Something interesting showed up in a New Yorker article this week (11/01). The article itself, "The Online Threat," by Seymour Hersch, is on cyber warfare. This passage caught my eye:
James Lewis, a senior fellow at the Center for Strategic and International Studies, who worked for the Departments of State and Commerce in the Clinton Administration, has written extensively on the huge economic costs due to cyber espionage from China and other countries, like Russia, whose hackers are closely linked to organized crime. Lewis, too, made a distinction between this and cyber war: “Current Chinese officials have told me that we’re not going to attack Wall Street, because we basically own it”—a reference to China’s holdings of nearly a trillion dollars in American securities—“and a cyber-war attack would do as much economic harm to us as to you.”
What does this have to do with Pennsylvania politics? One of the candidates for Senate, Republican Pat Toomey agrees with the Chinese. From his book, The Road to Prosperity (p. 105):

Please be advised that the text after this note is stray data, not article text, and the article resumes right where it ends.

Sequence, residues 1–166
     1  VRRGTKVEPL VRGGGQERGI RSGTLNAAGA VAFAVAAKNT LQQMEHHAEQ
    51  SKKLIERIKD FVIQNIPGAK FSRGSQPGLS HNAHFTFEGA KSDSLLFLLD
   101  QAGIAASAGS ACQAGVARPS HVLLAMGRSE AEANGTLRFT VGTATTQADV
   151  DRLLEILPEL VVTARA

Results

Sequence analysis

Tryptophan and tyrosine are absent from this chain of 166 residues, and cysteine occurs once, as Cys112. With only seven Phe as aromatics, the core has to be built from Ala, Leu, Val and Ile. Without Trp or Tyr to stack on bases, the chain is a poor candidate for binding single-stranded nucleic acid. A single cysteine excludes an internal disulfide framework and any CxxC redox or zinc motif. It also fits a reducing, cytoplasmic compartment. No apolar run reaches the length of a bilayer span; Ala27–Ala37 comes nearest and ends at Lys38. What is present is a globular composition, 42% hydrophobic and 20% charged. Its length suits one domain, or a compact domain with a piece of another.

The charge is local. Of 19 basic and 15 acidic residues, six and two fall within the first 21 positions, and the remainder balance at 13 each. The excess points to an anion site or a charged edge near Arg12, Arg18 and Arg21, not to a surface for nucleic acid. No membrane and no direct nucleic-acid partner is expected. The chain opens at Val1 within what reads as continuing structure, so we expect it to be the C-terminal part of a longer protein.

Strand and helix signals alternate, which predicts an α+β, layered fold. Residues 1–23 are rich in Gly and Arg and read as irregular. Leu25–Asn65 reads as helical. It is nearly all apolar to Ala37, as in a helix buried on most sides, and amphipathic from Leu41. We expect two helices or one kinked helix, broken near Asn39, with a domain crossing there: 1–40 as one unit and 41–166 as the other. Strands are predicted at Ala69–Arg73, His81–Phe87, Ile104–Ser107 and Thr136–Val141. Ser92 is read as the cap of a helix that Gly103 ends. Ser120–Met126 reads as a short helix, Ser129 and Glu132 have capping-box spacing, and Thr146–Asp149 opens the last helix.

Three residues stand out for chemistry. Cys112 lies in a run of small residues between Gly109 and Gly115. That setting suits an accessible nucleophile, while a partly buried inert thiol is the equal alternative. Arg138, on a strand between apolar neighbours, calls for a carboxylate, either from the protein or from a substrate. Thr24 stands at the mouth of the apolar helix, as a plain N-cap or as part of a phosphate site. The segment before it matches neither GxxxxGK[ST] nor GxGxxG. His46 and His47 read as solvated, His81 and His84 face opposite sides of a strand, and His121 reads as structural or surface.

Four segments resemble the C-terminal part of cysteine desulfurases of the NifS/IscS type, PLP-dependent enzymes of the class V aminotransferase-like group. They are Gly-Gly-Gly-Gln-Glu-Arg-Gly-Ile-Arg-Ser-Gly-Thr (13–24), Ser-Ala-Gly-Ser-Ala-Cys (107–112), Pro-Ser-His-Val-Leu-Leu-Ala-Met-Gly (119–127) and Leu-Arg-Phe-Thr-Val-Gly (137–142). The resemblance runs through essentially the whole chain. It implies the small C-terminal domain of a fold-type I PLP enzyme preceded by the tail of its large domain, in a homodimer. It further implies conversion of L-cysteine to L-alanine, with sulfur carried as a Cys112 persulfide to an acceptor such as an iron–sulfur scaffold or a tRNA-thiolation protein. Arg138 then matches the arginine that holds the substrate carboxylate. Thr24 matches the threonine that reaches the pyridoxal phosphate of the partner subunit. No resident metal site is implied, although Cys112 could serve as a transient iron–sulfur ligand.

Trade skeptics worry about the risks Americans take when we borrow heavily from the Chinese. They argue that the Chinese government might quickly sell off our bonds some day, driving down bond prices and raising the corresponding interest rate the United States would have to pay on new debt. But the Chinese have no incentive to do such a thing -- at least not for now.
Neither of these passages makes me very comfortable. I'd rather we weren't so heavily indebted to another county. I also plan to vote for Joe Sestak.